Tocchet wants Coyotes’ young players to be ‘creative’ and ‘calculated’

Adam Gretz
NBC Sports

Along with missing the playoffs in each of the past five seasons, the Arizona Coyotes have also been kind of a boring hockey team, at least as it relates to their offense. They have some exciting young players, and their long-term outlook is promising, but over the past three seasons they have ranked 27th, 24th and 29th in goals scored, and 28th, 29th and 23rd in shots on goal.

That, obviously, is a glaring lack of offense.

A lot of that comes from the fact it has been a rebuilding team that hasn’t had the pocket books to really go out and bring in impact talent, but some of it is also due to playing a tighter, more structured defensive system under coach Dave Tippett.

New coach Rick Tocchet seems to be looking to change some of that and bring a more up-tempo brand of hockey to the desert and give his young players a little more freedom.

Here is talking about what he wants from his team, via Sarah McLellan of AZcentral.

“I don’t want to take the stick out of guys’ hands,” he said. “We have some creative, young players here. So I want them to be creative. I don’t want them to think too much. I want them to play a lot of pressure, a lot of pressure on the opponent.”

“I’m not going to sell the farm,” he said. “It’s not going to be 3-on-1s all night. That’s not going to happen. But I think you have to be calculated, and the one thing with these young guys, they’re sponges. They want to learn. They want to learn how to practice. They want to learn how to play.”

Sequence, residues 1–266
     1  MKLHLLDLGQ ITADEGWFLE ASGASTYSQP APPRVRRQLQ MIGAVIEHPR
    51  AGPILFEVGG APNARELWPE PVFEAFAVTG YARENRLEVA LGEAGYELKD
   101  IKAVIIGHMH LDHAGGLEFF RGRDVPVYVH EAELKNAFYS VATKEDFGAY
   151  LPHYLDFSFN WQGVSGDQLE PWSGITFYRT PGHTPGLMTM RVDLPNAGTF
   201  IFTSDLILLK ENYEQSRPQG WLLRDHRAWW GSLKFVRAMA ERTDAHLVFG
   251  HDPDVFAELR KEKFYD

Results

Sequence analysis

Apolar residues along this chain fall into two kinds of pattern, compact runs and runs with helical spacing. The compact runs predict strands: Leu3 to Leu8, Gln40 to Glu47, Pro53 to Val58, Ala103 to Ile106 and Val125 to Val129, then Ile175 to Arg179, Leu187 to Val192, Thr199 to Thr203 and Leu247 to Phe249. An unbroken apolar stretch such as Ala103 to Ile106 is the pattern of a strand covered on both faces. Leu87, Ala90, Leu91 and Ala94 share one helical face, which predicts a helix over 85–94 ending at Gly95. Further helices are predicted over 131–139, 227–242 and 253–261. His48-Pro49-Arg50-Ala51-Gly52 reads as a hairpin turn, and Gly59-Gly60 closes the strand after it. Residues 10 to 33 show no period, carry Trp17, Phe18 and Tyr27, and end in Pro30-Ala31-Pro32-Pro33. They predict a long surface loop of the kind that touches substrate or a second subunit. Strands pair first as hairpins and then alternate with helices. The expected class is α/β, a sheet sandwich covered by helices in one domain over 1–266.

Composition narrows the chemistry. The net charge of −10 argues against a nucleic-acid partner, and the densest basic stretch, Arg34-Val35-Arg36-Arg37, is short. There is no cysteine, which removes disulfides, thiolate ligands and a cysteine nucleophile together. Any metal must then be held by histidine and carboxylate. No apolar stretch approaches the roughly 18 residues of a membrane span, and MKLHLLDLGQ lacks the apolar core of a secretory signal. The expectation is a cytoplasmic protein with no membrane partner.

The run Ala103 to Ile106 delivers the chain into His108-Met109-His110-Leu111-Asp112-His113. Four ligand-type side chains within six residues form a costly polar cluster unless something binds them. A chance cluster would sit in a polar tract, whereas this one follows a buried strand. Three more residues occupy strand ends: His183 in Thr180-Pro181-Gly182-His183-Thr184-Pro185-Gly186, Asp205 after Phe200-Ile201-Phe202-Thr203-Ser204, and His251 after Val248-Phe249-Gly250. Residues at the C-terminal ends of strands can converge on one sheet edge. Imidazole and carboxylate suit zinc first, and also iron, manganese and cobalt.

Of course, most new coaches upon taking a new job say something similar to this. Nobody gets hired and on the first day says, “we are going to play a boring, dull, bland style of hockey.”

A lot of times it still comes down to the talent on the ice.

But in Arizona’s case a fresh approach and start might actually lead to a more exciting brand of hockey, and a little more freedom for their young players with the puck could be a boost not only for the entertainment value of the team, but also for the results on the ice. You obviously want young players to play smart, but you also don’t want them to be afraid of making a mistake.

Either way, it is going to be an exceptionally young team that could have as many as nine players on the roster this season age 23 or younger, assuming prospects like Dylan Strome and Clayton Keller play their way onto the team. That young core was given a lot of complementary pieces to work with this summer when general manager John Chayka acquired Derek Stepan, a top-six center, Niklas Hjalmarsson, one of the steadiest veteran defenders in the league, and Antti Raanta to take over the starting goaltending job.

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